Andrew Grice: Why David Cameron secretly dreads a Tory-only government
Inside Westminster: Small majority would leave the PM dependent on the Commons votes of right-wingers
Andrew Grice has been Political Editor of The Independent since 1998. He was previously Political Editor of The Sunday Times, where he worked for 10 years, and he has been a Westminster-based journalist since 1982. His column, Inside Politics, appears in The Independent each Saturday.
Wednesday 24 July 2013
Peter Bone, a right-wing Eurosceptic Conservative MP, may only be a household name in his own household but he is in the thoughts of our senior politicians this summer.
As it happens, his own household is mentioned quite a lot in the Commons, since he jokingly tells David Cameron at Prime Minister’s Questions what “Mrs Bone” would make of it all.
Mr and Mrs Bone would clearly like the Coalition to end yesterday. The MP for Wellingborough made his latest call for the Tories to detach themselves from the pesky Liberal Democrats this week after the Foreign Office issued a series of reports suggesting the balance of power between London and Brussels was about right in six key areas.
At a recent press conference, Nick Clegg cited some of the 40 “loopy” backbench Bills that “my mate Peter Bone” and his allies are introducing – to highlight the right-wing Tory agenda the Liberal Democrats are blocking inside the Coalition. They include bringing back the death penalty; banning the burka; a Margaret Thatcher Day bank holiday; withdrawing from the European Convention on Human Rights (ECHR); privatising the BBC and limiting sexual misconduct allegations to breaches of the criminal law.
This list matters not because these Bills have any chance of becoming law now, but because some of them – such as pulling out of the ECHR – would stand a chance if the Tories won an overall majority in 2015. So Mr Clegg will argue that a strong Liberal Democrat presence in the next parliament could rein in a Conservative Party determined to veer right.
Tory strategists, too, are turning their attention to Mr Bone’s gang of about 20 hard-core right-wingers. Although Labour’s opinion poll lead has shrunk, it is going to be very difficult for Mr Cameron to win outright next time. As the election will be fought on the existing constituency boundaries, which favour Labour, the Tories need to be six or seven points ahead to be sure of a majority. Mr Cameron told the BBC’s Andrew Marr on Sunday that he is “going to fight all out for victory,” but a more realistic Tory target is to secure about 35 per cent of the vote and be the largest party.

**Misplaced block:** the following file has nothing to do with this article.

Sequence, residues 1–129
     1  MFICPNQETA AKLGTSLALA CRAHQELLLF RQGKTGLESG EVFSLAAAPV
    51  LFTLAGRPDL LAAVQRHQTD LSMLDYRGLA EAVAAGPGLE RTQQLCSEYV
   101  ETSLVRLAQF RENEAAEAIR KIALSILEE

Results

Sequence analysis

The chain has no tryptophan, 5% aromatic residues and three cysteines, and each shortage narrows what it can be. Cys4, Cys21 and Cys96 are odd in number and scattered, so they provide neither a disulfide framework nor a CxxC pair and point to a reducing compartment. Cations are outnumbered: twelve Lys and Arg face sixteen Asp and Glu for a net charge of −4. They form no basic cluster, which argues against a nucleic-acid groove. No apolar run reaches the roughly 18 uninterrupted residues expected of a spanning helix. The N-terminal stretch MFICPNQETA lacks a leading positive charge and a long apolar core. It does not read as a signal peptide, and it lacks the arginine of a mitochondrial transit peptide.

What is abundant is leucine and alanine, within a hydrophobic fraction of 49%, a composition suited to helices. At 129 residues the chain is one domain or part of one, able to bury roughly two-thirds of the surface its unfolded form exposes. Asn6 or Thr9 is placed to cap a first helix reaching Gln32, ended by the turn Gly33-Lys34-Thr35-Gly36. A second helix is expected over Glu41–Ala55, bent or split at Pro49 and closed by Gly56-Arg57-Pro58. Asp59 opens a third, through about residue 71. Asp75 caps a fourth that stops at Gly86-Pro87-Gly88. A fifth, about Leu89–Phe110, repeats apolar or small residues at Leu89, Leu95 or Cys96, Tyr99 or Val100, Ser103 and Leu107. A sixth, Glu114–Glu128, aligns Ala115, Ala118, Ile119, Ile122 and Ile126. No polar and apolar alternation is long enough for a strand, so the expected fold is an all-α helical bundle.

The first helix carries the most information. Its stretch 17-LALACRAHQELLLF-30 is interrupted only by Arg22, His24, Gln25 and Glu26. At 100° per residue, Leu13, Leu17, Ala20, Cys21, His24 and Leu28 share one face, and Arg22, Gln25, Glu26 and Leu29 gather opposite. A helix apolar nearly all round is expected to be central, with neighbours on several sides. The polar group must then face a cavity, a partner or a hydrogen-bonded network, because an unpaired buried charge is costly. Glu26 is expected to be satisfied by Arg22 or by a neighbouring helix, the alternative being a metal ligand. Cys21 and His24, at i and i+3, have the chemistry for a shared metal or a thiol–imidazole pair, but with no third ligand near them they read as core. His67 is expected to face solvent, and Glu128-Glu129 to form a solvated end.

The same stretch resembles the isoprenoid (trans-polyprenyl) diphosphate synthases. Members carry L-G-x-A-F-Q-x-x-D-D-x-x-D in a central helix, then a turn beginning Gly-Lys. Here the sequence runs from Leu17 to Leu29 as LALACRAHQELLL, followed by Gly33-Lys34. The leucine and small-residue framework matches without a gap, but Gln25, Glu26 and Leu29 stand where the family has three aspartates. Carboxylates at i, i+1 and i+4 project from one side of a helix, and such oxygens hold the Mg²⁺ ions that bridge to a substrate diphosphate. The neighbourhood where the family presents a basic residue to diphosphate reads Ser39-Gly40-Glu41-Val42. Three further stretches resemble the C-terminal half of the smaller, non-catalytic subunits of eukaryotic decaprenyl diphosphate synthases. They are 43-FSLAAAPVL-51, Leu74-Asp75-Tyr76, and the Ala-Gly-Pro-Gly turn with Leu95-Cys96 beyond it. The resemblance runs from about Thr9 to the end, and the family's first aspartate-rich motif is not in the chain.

Privately, some senior Tories think a small overall majority might be worse than another coalition because it would leave Mr Cameron dependent on the Commons votes of Bone & Co – crucially, at a time when Europe would top the agenda in the run-up to the in/out referendum Mr Cameron has promised in 2017. “Imagine picking up the phone to Peter Bone and asking him what he wanted in return for supporting the Government,” one Cabinet minister sighed. The Coalition currently enjoys a majority of 77, sidelining Bone & Co. It is a luxury Mr Cameron can only dream of when he thinks about a Tory-only government.
So, although the polls show the Liberal Democrats at about 11 per cent and still trailing the UK Independence Party, Mr Clegg started his summer break this week in surprisingly good spirits. His party is in a stronger strategic position than the polls suggest. Its pitch in 2015 – “a stronger economy and fairer society” – sounds like just another slogan, but it has been vindicated by recent events. The problems in the NHS will rekindle voters’ doubts about whether the Tories can be trusted to build a fairer society, a key reason behind their failure to win in 2010. The Liberal Democrats’ own polling suggests they have successfully claimed ownership of the Government’s flagship rise in tax thresholds to £10,000 a year, giving Mr Clegg crucial ammunition as he spells out what his party has achieved in coalition.
At the same time, voters continue to doubt that a Labour government would deliver a strong economy. Liberal Democrat strategists believe the most significant development of the political year just ending was Labour’s acceptance that more cuts would be needed after the next election. “Labour has moved on to our ground,” one Liberal Democrat said. “It vindicates our decision to enter the Coalition in 2010 to sort out the deficit.”
So the Liberal Democrats are very much in the game, and can offer to anchor a Tory or Labour-led government in the centre ground. Another hung parliament remains a real prospect in 2015. Mr Cameron and Ed Miliband know they can’t ignore Mr Clegg; they might need him.
The Prime Minister has two dilemmas. Many in his party will demand the Coalition ends before the election, but the Liberal Democrats want it to last up to the wire to show that “coalition works”. Mr Cameron will have to offer his party some “red meat” in the Tory manifesto on welfare cuts, the EU, the ECHR and eventual tax cuts. His problem is that advertising a lurch to the right would reduce the Tories’ electoral prospects in 2015 and make it harder for the Liberal Democrats to sign up to another coalition. Tricky.
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